“Look, Barack said it best at his funeral,” Joe Biden said in the interview. “He said, ‘He was Joe 2.0.’ And his commander in Iraq, General (Raymond) Odierno, which was not Odierno’s style, asked to speak at his funeral and he said, ‘I fully expected Beau to be my commander in chief.’”
“It matters a lot, you thinking of my son,” Biden said. “That means a lot to me.”
Regardless of where you are politically, whether you agree with Biden or plan to vote for him, you have to admire the resiliency of a man who persists in the pursuit of public interest after losing his daughter and first wife in a 1972 car-truck accident, and later his son Beau to cancer.
Beau’s death is first and foremost tragic for the Biden family. But it’s also a loss for the nation. Beau Biden would have enriched the 2020 Democratic field, because he was exactly as President Obama described him.
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Biden’s plan for rural revitalization contains the influence and deep-pressed fingerprints of a fellow top Obama administration official — former U.S. Secretary of Agriculture Tom Vilsack, both leading Democrats, said this week.
Vilsack, a former two-term governor of Iowa, has relentlessly advocated biobased manufacturing, the use of all conceivable farm products and byproducts — from corn stalk to manure — for chemicals and clothes and other revenue-generating innovations for farmers.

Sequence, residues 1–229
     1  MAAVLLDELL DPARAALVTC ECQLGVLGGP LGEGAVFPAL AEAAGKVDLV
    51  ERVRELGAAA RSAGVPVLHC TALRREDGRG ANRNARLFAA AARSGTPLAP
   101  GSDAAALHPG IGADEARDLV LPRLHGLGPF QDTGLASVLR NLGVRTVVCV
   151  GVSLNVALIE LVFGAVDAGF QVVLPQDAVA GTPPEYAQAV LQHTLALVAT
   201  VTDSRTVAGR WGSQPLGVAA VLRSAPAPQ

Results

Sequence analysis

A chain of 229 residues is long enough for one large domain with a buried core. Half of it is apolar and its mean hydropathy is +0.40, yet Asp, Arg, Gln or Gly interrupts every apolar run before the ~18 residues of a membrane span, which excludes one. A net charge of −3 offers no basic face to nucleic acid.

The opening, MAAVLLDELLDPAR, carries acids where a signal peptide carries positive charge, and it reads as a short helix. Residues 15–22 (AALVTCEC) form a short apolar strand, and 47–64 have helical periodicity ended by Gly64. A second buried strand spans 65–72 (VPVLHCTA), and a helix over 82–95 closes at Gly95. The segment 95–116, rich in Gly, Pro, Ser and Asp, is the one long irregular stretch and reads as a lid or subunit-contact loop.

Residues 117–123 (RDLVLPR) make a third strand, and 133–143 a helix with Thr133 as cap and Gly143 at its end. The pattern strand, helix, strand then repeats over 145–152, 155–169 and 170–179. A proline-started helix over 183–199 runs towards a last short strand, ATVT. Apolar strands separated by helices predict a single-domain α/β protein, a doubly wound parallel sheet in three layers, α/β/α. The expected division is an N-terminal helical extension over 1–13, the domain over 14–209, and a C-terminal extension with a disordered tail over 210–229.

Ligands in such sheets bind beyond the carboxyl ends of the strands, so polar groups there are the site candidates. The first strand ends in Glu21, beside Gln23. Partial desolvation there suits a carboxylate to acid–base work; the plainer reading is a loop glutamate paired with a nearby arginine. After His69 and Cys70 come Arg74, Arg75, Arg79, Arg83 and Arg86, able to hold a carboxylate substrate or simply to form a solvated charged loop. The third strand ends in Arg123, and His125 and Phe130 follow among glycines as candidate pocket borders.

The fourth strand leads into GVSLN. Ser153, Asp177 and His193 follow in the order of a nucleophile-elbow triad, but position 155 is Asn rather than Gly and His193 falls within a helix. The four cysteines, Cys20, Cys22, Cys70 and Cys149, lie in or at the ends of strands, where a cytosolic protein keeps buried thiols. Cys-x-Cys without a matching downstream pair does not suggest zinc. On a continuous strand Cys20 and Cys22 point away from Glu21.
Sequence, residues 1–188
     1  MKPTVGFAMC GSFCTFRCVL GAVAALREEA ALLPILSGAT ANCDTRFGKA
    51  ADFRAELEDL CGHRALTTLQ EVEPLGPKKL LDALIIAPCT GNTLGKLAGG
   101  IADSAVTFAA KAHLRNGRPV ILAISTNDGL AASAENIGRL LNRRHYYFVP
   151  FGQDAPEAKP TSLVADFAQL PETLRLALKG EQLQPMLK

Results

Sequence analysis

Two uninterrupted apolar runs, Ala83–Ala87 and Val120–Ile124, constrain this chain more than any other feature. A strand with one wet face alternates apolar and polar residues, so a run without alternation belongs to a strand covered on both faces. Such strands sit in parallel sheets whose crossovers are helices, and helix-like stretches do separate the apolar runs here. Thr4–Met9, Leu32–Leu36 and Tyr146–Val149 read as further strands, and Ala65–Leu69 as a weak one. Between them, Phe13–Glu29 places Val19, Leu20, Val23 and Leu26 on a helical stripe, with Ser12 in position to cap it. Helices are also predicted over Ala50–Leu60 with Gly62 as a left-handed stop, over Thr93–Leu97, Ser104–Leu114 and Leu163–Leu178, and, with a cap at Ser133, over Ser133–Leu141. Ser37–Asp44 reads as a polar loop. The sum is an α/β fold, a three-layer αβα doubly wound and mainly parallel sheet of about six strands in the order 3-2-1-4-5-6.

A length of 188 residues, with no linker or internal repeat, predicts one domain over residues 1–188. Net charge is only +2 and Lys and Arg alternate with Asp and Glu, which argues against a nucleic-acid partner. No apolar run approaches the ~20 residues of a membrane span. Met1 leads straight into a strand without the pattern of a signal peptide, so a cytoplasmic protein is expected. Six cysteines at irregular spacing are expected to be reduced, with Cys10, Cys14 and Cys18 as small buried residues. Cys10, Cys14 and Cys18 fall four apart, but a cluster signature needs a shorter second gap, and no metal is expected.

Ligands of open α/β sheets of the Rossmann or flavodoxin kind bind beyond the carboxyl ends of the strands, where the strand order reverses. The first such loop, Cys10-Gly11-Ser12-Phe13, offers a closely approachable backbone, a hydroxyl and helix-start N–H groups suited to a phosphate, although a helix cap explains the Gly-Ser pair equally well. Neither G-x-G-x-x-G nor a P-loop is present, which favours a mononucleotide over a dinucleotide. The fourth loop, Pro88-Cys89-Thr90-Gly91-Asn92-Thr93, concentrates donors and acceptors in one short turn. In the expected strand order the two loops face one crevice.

The Biden plan, released Tuesday during the Democratic presidential frontrunner’s speech in Manning, spotlights biomanufacturing. It also takes directly from Vilsack’s USDA “strikeforce,” which helped rural communities cut through the full federal bureaucracy to access a raft of federal programs.
“I relied a lot on Tom (Vilsack), and Tom was a major input in the program,” Biden said in an interview in Sioux City.
A day earlier, Biden appeared with Vilsack, and his wife, Christie, at their home outside of Des Moines in Booneville. Vilsack isn’t endorsing a candidate in the Democratic nominating process at this point.
“We think everybody deserves a shot,” Vilsack said.
But the Vilsacks have a long-standing relationship with Biden, who said Vilsack played a leading role in shaping his rural plan.
“I talked to Tom about this a long time ago when we worked together because I was the guy who was going into most of the rural areas for the administration with Tom,” Biden said.
In a phone interview, Tom Vilsack said Biden’s plan will appeal to rural Iowans because it is both aspirational and practical. He sees boosting plant-based manufacturing as potentially creating billions of dollars in new wealth for Iowans.
“I impressed upon the vice president the need for more of that,” Vilsack said. ♦
Douglas Burns is a fourth-generation Iowa newspaperman. He and his family own and publish newspapers in Carroll, Jefferson and other neighboring communities.